The island — Ailsa Craig, also known as “Paddy’s milestone” — is a volcanic plug, meaning it coalesced over an extinct volcano, apparently leaving the granite in the perfect condition to make curling stones. All the stones used during the Olympic Winter Games are produced by the only company with rights to the Ailsa Craig granite: Kays of Scotland, which has been creating the stones since 1851. According to the Huffington Post, thousands of tons of two varieties of stone are removed from the ground once every decade: a blue hone granite, which is impenetrable by ice and water and makes up the insert and running band of the curling stone, and a green granite that composes the body of the stone. There is apparently a third variety, red hone granite, but it isn’t used in curling stones.
Published: Monday, February 19, 2018 @ 12:59 PM
PYEONGCHANG, South Korea — Audiences won’t be seeing much more of Adam Rippon during the 2018 Winter Olympics after all.
Rippon’s decision to decline the offer stems from the fact that he would have to relinquish certain privileges were he to make the jump from Olympian to TV correspondent.
“I am so flattered that NBC wanted me to work as a correspondent, but if I took this opportunity, I would have to leave the Olympic team and I would have to leave the (Olympic) Village,” Rippon initially said in an interview with NBC Sports Network, via USA Today. “It’s so important to me, you know. I worked so hard to be on this Olympic team, and my teammates and my friends were there for me during my events, and that meant so much to me, that I really feel like I need to be there for them during their events.”
Rippon said on Twitter he found out about the offer on the social media platform. He also repeated similar comments about his decision to turn down the offer.
I am flattered that NBC wanted me to work as a correspondent for them here in PyeongChang. Doing this would require me to leave Team USA and move out of the Olympic Village. I don't want to do that so I had to declined the opportunity.— Adam Rippon (@Adaripp) February 19, 2018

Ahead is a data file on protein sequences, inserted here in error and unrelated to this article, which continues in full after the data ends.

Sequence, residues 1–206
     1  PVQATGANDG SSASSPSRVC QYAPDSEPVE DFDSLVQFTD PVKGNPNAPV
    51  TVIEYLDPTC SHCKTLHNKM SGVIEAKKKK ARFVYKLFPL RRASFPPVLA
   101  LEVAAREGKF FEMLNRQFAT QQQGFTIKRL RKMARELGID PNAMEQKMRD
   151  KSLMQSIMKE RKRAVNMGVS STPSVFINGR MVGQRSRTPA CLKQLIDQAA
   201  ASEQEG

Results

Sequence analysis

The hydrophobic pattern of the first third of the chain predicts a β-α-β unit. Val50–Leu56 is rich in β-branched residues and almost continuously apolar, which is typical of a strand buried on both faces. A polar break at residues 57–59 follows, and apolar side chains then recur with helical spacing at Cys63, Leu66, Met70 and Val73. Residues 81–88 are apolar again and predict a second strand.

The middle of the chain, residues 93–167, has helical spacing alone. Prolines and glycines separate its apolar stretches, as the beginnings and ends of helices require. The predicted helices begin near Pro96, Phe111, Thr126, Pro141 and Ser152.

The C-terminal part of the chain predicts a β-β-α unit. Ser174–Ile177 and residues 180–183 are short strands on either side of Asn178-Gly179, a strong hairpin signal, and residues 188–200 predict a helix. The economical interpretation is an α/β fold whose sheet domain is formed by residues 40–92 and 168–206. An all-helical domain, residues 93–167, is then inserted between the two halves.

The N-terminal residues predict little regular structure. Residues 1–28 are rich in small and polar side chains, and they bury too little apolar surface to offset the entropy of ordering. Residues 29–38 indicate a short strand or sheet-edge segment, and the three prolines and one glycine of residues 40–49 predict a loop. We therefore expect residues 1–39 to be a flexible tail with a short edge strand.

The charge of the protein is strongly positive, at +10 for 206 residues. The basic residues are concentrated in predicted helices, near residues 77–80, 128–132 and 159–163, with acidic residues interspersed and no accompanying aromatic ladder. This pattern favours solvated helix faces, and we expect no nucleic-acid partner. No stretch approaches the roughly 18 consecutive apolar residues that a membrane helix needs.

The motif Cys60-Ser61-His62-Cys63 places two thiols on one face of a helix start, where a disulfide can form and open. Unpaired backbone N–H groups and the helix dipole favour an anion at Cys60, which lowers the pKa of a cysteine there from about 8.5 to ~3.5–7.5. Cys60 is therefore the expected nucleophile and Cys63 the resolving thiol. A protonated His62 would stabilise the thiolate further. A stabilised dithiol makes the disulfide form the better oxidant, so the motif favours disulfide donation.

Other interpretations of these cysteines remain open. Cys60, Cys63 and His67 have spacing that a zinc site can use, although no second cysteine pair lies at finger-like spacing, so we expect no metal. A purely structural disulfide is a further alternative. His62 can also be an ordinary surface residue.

I love being on Team USA and representing our country. My teammates were there for me during my events, and now I NEED to be there for them. I look forward to being with them, and I’m very excited for the rest of the competition. Go Team USA!!!— Adam Rippon (@Adaripp) February 19, 2018
I actually found everything out about the offer via twitter HAHA 😂😂 2018 is wild girl— Adam Rippon (@Adaripp) February 19, 2018
Rippon, the first openly gay athlete to qualify for the Winter Olympics, has garnered the attention of milllions through his candid and colorful interviews. He earned a bronze medal in team competition, and he finished in 10th place in the singles competition, a big accomplishment that has left him extremely proud.
“To come away from this Olympic Games to skate three clean programs in the midst of what seems like a lot going on, and a top-10 finish in the individual event and a bronze medal (in the team event), I think this is sort of like a dream Olympic Games for me,” Rippon told reporters after his men’s free skate event Saturday. “I think I’ve shown the world that I’m a fierce competitor, but I think I’ve shown them that I’m also a fierce human being.”
While he’s used his platform as an Olympic athlete to speak out against Vice President Mike Pence and his stances on the LGBT community, Rippon doesn’t want his sexuality to distract from the person he is.